Compared to its neighbors, Tanzania remains relatively quiet politically. This was one of several reasons Tanzania was asked to contribute a battalion to the UN special Intervention Brigade (IBDE) in Congo. Tanzanian infantry units have a reputation for competence. The Tanzania government was also viewed as stable and reliable. Among East African nations, Tanzania is regarded as a safe place for foreign investors. However that political stability is being tested. The ruling Chama Cha Mapinduzi (CCM) party has nominated its candidate for the presidential elections scheduled for October 2015. There is some question, however, that the nominee has the political skills to bridge deepening factional disagreements within the CCM. But that may not be the CCM’s biggest problem. The CCM has dominated Tanzanian politics for years. Stability, however, is no longer enough. Tanzanian media have begun discussing voter disgust with the CCM. Three opposition parties (National League for Democracy, the Chama cha Demokrasia na Maendeleo, and the NCCR-Mageuzi.) are considering nominating a “rainbow” candidate. Agitation by Zanzibari secessionists is also on the rise. Zanzibar has a great deal of autonomy but some Zanzibaris are not satisfied with the island’s political relationship with the rest of Tanzania. In the past the CCM has bought peace by making its vice-presidential nominees a Zanzabari. Call it lurking trouble in what passes for East Africa’s paradise. (Austin Bay)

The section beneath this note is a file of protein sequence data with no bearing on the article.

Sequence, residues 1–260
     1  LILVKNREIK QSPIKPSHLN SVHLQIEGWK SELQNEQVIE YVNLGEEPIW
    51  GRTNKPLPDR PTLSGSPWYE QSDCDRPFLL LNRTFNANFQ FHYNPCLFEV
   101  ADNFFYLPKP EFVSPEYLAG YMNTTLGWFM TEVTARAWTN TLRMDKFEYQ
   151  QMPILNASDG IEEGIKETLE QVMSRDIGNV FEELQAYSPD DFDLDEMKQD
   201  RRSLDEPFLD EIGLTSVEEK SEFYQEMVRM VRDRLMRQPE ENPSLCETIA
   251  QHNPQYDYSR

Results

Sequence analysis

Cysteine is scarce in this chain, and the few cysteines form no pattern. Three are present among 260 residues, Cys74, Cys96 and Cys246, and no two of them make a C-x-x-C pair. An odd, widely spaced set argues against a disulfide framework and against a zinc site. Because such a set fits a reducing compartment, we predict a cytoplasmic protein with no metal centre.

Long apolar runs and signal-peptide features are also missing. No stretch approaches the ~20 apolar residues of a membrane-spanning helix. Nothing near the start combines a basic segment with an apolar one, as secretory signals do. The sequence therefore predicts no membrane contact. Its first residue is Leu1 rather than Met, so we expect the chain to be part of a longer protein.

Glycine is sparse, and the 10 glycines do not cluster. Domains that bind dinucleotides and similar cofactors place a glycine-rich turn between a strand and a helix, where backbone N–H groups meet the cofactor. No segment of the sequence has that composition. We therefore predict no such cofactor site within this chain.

August 2, 2015: